2. Qualified opinion: The auditor is not confident enough to give a clean audit report.
  3. Disclaimer of opinion: The auditor provides a disclaimer with an audit report when the company limits its access to sufficient evidence and financial statements.
  4. Adverse opinion: According to the GAAS protocol, adverse comments on the audit report indicate misstatements and errors.

An Audit is not a Review

An audit provides “reasonable assurance”, while a review provides “limited assurance”. Review is a lower level of assurance as compared to audit.

For obtaining sufficient appropriate evidence, an audit includes extensive procedures, while the review is less cumbersome.

Audit provides “reasonable conclusions” based on the evidence, while review provides “limited conclusions.”

Types of Audits

  • Internal Financial Audit
  • External Audit
  • IRS Tax Audit
  • Compliance Audit
  • Operational Audit
  • Financial Statements Audit
Types of Audits
Internal Financial Audit
External Audit
IRS Tax Audit
Compliance Audit
Operational Audit
Financial Statements Audi

Internal Financial Audit

Internal audits evaluate a company’s internal controls, including its corporate governance and accounting processes. It is a consultation designed to add value and improve an organization’s operations.

Internal auditors are the ones employed by the company to conduct a thorough review of the financial situation, internal controls, and record-keeping of a business. By definition, the auditor should ideally be an independent third party. And that is why an external auditor’s appraisal is more credible than an internal auditor’s approval of the financial statements. But internal audits serve some other very important purposes.

Internal audits use the standards and rules of the employer company instead of the national and international standards to examine the company’s financial statements. Small businesses hire internal auditors to compensate for their lack of resources for having an in-house certified accountant.

A business would hire an internal auditor before an imminent external audit to address any possible inconsistencies. Internal financial auditing can help make the company’s internal controls more efficient and transparent, ensure compliance with the governing rules, and timely financial reporting.

External Audit

The main difference between internal and external audits is independence. When an external audit finds no material misstatements in a company’s financial records, the audit report is called a qualified opinion or a ‘clean report.’ A clean report is the ultimate token of confidence for anyone using the audit opinion for a decision or legal approval because external auditors have no conflict of interest with the company under audit.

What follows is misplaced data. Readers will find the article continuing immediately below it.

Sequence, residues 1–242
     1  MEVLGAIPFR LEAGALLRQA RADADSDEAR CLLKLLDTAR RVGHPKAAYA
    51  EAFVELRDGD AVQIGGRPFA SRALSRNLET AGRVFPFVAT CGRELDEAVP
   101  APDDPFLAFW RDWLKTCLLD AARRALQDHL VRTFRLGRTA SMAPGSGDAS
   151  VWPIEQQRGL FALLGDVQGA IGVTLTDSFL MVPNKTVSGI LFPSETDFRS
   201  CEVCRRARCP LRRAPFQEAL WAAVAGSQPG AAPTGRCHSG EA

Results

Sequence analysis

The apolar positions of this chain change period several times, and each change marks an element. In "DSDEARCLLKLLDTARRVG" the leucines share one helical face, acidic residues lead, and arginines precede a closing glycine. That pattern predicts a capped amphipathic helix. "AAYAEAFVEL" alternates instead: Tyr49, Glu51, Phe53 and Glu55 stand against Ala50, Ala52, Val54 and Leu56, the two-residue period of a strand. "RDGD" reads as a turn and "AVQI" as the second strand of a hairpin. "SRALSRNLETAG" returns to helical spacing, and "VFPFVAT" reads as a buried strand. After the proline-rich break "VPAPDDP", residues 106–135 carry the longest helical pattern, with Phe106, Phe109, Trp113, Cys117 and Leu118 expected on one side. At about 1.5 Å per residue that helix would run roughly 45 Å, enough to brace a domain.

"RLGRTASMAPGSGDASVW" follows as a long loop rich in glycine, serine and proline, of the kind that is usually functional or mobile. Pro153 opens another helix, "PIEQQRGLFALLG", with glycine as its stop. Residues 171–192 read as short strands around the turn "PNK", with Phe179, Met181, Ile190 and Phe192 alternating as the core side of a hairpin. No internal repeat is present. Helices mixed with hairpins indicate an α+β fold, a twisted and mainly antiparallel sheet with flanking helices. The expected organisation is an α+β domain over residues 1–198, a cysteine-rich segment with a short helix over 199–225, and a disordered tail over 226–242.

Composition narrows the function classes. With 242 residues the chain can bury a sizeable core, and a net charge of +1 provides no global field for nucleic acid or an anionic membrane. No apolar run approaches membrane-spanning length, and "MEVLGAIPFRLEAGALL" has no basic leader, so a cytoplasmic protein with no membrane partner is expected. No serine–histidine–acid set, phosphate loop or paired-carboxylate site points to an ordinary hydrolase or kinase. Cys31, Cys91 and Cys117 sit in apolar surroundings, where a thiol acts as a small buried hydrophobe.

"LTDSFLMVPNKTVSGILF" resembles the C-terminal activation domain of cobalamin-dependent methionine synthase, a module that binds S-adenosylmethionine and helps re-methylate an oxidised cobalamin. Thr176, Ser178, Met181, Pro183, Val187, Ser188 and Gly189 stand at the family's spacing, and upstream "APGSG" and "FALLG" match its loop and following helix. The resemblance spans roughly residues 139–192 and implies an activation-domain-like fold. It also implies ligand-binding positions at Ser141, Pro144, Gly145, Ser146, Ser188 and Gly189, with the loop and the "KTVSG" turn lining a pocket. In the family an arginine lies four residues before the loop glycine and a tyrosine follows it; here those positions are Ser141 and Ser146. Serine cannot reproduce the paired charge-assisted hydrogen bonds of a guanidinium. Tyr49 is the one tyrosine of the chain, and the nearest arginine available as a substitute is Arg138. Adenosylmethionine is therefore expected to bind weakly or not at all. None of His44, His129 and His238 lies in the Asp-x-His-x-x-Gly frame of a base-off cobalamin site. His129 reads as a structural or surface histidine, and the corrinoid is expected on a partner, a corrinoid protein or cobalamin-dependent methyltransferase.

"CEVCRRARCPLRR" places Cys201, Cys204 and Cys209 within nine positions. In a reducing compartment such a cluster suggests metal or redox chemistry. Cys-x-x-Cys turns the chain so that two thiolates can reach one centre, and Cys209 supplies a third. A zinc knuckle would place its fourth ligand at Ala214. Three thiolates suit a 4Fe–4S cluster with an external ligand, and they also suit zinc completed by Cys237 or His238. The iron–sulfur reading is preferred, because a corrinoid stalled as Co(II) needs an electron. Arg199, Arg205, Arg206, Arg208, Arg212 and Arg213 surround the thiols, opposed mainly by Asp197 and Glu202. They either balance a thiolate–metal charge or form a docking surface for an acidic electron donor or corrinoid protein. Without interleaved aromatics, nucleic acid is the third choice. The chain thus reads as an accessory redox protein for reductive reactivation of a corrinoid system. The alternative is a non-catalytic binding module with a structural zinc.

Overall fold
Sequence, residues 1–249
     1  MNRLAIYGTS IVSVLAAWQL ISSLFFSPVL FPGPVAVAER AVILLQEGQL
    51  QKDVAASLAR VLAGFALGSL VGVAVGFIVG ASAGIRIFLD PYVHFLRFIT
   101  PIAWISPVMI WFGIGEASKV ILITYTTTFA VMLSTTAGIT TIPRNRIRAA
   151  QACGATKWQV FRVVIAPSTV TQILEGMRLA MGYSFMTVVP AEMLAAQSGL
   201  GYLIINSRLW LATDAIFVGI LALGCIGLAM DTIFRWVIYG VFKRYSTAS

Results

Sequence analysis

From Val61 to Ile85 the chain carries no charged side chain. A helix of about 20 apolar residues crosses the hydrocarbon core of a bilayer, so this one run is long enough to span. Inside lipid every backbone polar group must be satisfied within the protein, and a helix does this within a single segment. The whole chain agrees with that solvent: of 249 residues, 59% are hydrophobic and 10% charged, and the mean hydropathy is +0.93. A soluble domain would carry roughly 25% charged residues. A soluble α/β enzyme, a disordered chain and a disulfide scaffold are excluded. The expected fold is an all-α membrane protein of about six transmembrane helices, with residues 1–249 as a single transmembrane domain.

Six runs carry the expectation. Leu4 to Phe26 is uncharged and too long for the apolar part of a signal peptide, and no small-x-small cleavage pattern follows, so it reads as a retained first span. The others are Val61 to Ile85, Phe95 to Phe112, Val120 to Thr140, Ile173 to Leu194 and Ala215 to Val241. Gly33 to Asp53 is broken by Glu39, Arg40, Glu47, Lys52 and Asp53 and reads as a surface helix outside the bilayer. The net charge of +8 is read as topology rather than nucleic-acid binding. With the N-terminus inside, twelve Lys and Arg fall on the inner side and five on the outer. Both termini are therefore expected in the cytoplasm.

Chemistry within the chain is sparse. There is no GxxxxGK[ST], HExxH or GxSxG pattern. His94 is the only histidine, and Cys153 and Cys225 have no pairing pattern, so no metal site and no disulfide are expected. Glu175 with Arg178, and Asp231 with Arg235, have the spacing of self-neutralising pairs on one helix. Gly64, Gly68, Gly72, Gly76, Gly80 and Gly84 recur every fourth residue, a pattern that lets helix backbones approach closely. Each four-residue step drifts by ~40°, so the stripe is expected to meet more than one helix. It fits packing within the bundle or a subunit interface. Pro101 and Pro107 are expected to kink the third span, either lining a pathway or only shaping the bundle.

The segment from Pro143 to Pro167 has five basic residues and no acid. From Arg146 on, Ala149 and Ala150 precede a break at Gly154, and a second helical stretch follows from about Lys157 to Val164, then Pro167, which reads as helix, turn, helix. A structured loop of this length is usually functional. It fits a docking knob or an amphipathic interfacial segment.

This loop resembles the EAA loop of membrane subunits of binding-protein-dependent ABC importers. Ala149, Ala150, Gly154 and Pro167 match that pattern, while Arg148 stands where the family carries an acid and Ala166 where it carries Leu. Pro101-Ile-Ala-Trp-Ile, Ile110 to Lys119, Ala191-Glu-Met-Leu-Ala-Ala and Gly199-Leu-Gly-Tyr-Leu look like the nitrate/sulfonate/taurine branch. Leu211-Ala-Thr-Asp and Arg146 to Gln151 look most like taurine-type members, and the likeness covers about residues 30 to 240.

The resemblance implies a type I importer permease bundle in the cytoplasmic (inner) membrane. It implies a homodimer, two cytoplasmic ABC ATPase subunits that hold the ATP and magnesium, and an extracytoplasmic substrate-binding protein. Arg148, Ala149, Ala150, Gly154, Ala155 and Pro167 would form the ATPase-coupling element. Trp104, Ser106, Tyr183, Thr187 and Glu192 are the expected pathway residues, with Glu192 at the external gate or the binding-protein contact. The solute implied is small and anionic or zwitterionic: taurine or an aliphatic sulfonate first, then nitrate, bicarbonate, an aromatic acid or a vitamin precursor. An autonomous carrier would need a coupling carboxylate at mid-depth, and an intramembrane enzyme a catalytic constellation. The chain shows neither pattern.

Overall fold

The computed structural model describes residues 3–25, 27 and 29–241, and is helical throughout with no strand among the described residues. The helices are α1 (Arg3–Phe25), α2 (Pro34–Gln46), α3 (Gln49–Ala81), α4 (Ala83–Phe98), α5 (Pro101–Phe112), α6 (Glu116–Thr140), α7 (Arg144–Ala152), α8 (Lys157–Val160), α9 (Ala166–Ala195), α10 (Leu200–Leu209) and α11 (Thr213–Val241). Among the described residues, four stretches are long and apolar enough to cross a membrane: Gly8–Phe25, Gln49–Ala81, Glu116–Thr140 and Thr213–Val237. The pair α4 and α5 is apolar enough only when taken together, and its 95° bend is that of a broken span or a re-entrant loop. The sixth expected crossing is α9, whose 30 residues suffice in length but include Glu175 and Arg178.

Audits conducted by independent third parties are admissible for business loans, legal requirements, and court proceedings. External audits also provide a more unbiased, candid review of a company’s financial situation, discrepancies, and internal controls for internal managerial purposes.

External audits employ a set of standards different from those of the company for the financial examination. These are most important for the authenticity of public companies on exchanges such as the U.S. Securities and Exchange Commission (SEC). The qualified audit opinion allows stakeholders to make better-informed decisions.

IRS Tax Audit

IRS Audits can be conducted for organizations as well as individuals. The objective of the IRS Tax Audit is to ensure that the financial information and disclosures are correct and compliant with tax laws and to verify the tax reported by the taxpayer.

IRS tax audits generally include upto 3 years of tax returns filed by the taxpayer. In case of any substantial error, the number of years can be added, but generally does not go beyond 6 years.

Individuals and organizations can be selected for IRS Tax Audit on the following basis:

  • Random Selection and computer screening based on a statistical formula.
  • Related Examinations – If the return of the tax-related has transactions that are related to the parties who were also selected for audit.